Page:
Mandamus is one of the extraordinary writs by which a higher court can mandate to a lower court. To seek it is an original proceeding, not an appeal. It's form is that it is a lawsuit against a trial judge, an appeals court or a government agency. Applying for mandamus can really anger a trial judge because the judge is a respondent, acting in the proceeding pro se or through counsel. A party can apply for a writ of mandamus even though it has not gotten a final judgment. The party seeking the mandamus is the applicant or movant, and a party affected by the application that did not seek it is called a real party in interest. The respondent in an application to Texas Supreme Court or the Texas Court of Criminal Appeals is either a court of appeals or a government agency.
From In re TXU Elec. Co., 67 S.W.3d 130,132 (Tex. 2001): Mandamus is an extraordinary remedy available "only in situations involving manifest and urgent necessity and not for grievances that may be addressed by other remedies." Walker v. Packer, 827 S.W.2d 833, 840 (Tex.1992). To obtain mandamus relief, the relator must demonstrate a clear abuse of discretion for which there is no adequate remedy at law. Id. at 839-40. A party establishes that no adequate remedy at law exists by showing that the party is in real danger of permanently losing its substantial rights. Canadian Helicopters, Ltd. v. Wittig, 876 S.W.2d 304, 306 (Tex.1994). Thus, mandamus will not issue absent "compelling circumstances." Tilton v. Marshall, 925 S.W.2d 672, 681 (Tex.1996).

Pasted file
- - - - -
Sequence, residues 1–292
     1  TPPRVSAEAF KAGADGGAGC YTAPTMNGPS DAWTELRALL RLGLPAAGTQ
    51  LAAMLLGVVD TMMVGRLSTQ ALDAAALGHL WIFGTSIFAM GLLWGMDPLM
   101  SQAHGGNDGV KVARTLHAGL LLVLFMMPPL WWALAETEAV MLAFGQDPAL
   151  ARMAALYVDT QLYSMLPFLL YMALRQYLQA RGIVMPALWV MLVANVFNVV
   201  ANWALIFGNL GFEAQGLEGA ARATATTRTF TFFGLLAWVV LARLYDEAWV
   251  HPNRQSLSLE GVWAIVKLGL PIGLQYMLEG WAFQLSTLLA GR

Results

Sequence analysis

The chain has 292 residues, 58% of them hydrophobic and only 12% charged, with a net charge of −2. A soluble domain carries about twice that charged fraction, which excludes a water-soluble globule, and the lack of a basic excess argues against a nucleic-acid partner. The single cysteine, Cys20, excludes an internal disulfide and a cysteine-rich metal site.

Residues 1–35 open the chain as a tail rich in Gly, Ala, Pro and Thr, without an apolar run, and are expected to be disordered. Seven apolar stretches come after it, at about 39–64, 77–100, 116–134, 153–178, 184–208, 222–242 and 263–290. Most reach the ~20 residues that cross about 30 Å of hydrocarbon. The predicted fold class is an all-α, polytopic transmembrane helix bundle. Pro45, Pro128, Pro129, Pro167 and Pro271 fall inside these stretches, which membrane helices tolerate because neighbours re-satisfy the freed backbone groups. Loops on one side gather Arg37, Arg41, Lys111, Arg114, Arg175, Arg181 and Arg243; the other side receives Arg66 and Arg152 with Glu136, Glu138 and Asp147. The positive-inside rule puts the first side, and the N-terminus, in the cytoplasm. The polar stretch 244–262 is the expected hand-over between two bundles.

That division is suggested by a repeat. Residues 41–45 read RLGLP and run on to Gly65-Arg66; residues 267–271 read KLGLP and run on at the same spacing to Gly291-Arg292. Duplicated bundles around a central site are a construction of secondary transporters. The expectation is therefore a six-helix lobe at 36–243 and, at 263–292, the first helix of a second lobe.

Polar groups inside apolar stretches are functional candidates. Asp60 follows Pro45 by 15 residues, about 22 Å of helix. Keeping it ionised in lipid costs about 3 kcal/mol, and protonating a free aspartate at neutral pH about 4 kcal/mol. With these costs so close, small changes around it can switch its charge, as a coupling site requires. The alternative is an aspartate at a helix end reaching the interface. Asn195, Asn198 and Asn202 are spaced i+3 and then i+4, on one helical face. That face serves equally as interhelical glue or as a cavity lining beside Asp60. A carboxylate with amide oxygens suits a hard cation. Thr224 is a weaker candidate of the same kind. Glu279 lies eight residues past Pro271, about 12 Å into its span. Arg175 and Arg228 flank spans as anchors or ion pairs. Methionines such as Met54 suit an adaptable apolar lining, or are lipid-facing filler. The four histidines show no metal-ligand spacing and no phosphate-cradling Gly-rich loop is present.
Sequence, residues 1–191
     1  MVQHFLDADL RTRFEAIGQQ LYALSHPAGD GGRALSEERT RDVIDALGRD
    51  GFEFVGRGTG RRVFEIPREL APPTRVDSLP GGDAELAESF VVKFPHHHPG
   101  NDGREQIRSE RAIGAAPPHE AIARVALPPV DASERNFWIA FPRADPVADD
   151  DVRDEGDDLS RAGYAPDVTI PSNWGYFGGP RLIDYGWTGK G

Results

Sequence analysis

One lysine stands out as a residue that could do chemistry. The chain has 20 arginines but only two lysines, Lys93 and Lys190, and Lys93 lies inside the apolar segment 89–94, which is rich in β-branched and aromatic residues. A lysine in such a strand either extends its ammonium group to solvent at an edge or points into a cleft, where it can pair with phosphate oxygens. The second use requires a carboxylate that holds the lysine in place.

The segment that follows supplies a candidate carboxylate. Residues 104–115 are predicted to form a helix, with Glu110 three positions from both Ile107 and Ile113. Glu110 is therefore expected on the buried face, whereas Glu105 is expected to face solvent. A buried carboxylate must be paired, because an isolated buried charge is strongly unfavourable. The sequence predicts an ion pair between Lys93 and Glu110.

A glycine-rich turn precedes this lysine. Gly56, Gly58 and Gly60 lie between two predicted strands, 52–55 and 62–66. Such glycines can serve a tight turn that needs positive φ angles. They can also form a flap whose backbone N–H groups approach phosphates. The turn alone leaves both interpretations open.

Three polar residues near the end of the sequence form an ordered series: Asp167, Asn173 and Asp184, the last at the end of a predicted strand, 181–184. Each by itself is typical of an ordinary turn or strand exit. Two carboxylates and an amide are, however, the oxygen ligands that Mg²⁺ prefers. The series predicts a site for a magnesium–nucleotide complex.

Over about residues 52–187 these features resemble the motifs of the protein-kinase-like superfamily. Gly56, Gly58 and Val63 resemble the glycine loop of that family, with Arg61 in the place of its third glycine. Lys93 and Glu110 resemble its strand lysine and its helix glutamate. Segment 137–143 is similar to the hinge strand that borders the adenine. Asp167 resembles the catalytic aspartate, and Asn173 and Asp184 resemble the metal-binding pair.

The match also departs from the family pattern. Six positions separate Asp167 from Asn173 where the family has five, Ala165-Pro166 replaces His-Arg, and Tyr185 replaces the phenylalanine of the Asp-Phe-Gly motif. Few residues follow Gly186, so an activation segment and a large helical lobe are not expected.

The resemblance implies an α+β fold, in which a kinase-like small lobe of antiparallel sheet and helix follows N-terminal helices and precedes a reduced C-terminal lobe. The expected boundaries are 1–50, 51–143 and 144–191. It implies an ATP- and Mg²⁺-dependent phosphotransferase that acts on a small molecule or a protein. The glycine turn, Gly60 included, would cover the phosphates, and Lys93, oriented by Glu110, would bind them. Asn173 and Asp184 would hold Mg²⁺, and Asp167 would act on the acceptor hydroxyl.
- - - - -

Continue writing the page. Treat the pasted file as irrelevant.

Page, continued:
What does this mean? First of all, if what the party is complaining about could be adequately remedied by appeal, then mandamus should not issue. A mandamus will issue for an important discovery dispute, but not for an improper jury charge, for example. Second, what the party wants the court or agency to do must be something that it is absolutely clear that the court must do. It is not for complaining about bad judgment calls by courts, but for complaining about things that it is clear that the court has a duty to do.
If a higher court grants a writ of mandamus, it often does so in an unusual way that we will discuss in a later post.